for (let i of [1, 2, 3]) {
// 1
// 2
// 3


for i of [1, 2, 3]
# 0
# 1
# 2

Should I Switch to ES6?

I’ve currently been working on a fairly large Node.js project using 100% CoffeeScript, and I’m still very happy and super productive with it. I would say that the only thing I am really jealous of in ES6 are the getters and setters.

Also it is still slightly painful using ES6 in practice today. If you are able to use the very latest Node.js version, then you get nearly all ES6 features, but for older versions and in the browser things are still less rosy. Yes, you can use Babel, but of course that means integrating Babel into your stack.

Having said that I can see ES6 over the next year or two gaining a lot of ground, and I hope to see even greater things in ES7.

What I’m really pleased about with ES6 is that “plain old JavaScript” is nearly as friendly and powerful out-of-the-box as CoffeeScript. This is great for me as a freelancer – in the past I used to be a little bit averse to working on JavaScript projects – but with ES6 everything just seems that little bit shinier.

About the author

William Coates, Portugal
member since September 6, 2015
William is a highly skilled full-stack developer and entrepreneur with fifteen years of experience working with web technologies. He loves to keep up to date with the latest tech, and has a real passion for the industry. [click to continue...]
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ES6 making JavaScript stating a real usable language at last! Just embrace the ; it makes for easier reading! :)
Eduardo Dias da Costa
Have you heard about Haxe? It is another powerful alternative :) www.haxe.org
daniel hordern
Love the ; & {}. I'll def play with es6
Jorge Primata
smells like C#
Wout Mertens
I was an avid coffeescripter but I was unhappy with the standstill in some areas like https://github.com/jashkenas/coffeescript/issues/3900 and https://github.com/jashkenas/coffeescript/issues/3894 . Then I started using ES6/7 because of coworkers using React and not grokking CS, and I'm a convert. Yes, the syntax is still not as elegant, but the main pain points are addressed, and most importantly the tooling is so much better, it is simply a much larger ecosystem. I really like https://github.com/sindresorhus/xo for keeping code clean and catching subtle bugs, for example. In atom there is a linter plugin for it, with a fix command for automatically cleaning up some things.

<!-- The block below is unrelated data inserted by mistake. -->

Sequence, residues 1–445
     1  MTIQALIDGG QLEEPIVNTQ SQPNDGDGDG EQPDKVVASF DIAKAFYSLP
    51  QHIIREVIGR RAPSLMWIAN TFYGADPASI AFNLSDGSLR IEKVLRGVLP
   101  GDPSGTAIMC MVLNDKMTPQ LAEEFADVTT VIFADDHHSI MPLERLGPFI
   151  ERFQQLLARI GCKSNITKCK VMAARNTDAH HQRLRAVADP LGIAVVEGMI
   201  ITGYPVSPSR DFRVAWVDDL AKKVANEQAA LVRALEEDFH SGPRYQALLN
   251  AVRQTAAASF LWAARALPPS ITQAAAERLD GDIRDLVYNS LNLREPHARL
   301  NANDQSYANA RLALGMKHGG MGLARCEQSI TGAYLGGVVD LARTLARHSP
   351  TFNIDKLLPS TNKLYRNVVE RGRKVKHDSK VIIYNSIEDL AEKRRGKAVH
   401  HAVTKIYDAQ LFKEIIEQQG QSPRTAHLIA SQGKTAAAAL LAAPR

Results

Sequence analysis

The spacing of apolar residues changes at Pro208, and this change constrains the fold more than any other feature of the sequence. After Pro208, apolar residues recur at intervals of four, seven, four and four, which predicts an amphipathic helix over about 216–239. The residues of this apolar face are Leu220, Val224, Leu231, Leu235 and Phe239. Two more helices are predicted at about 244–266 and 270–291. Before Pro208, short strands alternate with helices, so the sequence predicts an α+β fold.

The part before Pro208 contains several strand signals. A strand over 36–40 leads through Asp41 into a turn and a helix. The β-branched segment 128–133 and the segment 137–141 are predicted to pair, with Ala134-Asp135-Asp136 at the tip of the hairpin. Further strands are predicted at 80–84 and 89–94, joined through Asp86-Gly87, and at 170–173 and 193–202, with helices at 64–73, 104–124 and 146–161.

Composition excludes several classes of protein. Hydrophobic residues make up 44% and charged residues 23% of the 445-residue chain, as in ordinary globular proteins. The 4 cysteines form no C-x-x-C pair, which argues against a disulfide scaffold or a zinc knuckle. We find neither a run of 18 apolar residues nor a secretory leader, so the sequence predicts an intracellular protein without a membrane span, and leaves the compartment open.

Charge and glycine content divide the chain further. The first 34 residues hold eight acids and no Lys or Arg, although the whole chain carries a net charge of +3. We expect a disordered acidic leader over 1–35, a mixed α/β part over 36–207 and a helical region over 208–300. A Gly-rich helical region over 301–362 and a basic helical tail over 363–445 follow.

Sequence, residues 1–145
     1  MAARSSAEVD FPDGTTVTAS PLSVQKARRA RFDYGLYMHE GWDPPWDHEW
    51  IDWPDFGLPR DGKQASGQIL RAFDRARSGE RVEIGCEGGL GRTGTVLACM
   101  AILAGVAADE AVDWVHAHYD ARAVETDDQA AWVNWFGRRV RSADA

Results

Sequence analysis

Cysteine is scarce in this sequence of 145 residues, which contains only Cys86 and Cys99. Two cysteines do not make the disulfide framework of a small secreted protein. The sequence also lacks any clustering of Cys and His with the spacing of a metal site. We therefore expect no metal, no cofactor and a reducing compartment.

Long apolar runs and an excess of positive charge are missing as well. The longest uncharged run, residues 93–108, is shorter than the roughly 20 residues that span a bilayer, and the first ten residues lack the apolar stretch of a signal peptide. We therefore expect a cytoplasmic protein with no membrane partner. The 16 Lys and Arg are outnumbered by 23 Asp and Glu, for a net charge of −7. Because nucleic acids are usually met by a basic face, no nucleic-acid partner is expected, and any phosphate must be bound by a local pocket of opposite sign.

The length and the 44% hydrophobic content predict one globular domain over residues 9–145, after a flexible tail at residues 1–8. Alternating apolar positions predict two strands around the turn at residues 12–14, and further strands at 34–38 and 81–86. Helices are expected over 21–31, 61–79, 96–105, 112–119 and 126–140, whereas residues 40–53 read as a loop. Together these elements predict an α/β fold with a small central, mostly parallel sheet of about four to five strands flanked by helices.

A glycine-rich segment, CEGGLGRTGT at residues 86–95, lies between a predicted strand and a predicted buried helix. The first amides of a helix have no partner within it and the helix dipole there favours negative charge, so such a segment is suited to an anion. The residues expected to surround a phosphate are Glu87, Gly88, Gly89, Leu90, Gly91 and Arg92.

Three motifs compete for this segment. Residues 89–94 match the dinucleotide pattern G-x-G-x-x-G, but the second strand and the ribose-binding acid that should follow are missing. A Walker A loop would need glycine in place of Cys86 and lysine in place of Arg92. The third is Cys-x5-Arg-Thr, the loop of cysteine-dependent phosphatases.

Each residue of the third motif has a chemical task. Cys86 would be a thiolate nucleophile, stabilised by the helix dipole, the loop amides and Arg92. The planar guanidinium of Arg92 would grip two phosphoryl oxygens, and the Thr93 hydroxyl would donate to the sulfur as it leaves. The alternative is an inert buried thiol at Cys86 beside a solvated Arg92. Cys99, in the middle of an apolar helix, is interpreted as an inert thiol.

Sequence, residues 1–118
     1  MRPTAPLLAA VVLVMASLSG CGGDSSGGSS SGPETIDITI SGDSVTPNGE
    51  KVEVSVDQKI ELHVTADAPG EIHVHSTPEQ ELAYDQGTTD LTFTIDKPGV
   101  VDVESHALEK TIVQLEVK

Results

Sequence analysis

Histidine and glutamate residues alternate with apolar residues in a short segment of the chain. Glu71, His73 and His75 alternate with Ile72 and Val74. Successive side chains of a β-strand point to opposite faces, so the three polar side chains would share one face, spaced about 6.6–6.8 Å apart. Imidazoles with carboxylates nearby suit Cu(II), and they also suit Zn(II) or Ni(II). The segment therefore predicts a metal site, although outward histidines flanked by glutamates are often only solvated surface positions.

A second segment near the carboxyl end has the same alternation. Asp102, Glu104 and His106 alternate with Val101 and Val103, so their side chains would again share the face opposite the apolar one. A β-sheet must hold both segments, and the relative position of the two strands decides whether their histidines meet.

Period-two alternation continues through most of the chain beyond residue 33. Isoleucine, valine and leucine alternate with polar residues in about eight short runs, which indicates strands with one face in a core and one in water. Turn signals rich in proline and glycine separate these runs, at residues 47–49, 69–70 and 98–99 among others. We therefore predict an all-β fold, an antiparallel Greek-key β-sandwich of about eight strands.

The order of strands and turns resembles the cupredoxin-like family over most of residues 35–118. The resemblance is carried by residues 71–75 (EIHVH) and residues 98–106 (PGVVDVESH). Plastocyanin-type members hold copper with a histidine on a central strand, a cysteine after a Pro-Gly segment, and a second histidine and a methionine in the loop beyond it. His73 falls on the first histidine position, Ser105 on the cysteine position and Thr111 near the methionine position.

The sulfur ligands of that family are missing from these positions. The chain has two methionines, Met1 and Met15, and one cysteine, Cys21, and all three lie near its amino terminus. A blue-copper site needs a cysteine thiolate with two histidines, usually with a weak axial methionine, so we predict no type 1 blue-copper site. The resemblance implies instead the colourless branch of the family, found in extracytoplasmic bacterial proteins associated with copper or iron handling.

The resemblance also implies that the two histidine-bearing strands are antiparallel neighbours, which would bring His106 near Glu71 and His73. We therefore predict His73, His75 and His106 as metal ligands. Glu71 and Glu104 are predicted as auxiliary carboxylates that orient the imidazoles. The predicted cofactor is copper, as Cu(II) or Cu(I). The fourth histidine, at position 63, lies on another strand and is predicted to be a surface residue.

Wout Mertens
No real need for ; http://blog.izs.me/post/2353458699/an-open-letter-to-javascript-leaders-regarding
Francis Kim
ES6 is definitely the way to go these days
I am currently an avid CoffeeScripter and I want to be in your position, I want to like ES6, but JavaScript is still too ugly. Trying to read JS (even new ES6 syntax) makes me depressed.
The problem isn't ES6. The problem is Coffee-script needs to compile to ES6 and to fill out whats missing in CS such as getters and setters. Its sad we have to trade what we love for things that we have to progressive.
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About the author
William Coates
JavaScript Developer
William is a highly skilled full-stack developer and entrepreneur with fifteen years of experience working with web technologies. He loves to keep up to date with the latest tech, and has a real passion for the industry.